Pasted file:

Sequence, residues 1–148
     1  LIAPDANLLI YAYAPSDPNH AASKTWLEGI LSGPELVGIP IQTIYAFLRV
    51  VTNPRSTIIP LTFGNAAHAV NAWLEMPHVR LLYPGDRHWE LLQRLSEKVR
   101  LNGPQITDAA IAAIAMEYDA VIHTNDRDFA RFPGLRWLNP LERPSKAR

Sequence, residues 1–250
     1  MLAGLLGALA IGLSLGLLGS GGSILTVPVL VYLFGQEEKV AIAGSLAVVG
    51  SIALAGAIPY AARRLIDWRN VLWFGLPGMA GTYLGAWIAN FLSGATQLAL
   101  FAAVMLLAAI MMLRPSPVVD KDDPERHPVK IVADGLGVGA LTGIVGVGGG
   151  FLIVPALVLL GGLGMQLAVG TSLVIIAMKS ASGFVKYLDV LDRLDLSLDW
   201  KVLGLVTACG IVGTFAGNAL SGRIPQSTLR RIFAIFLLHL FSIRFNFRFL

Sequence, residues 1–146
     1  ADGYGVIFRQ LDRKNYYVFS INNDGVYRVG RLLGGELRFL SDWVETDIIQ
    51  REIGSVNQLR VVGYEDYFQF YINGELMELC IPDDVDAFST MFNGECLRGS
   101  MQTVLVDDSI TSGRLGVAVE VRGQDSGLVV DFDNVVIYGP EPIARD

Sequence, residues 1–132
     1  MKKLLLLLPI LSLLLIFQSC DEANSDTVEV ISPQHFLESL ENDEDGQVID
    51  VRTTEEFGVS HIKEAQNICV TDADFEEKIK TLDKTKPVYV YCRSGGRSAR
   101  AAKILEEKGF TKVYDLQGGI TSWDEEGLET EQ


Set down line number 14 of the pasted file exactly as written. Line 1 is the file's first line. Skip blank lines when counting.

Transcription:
   101  MQTVLVDDSI TSGRLGVAVE VRGQDSGLVV DFDNVVIYGP EPIARD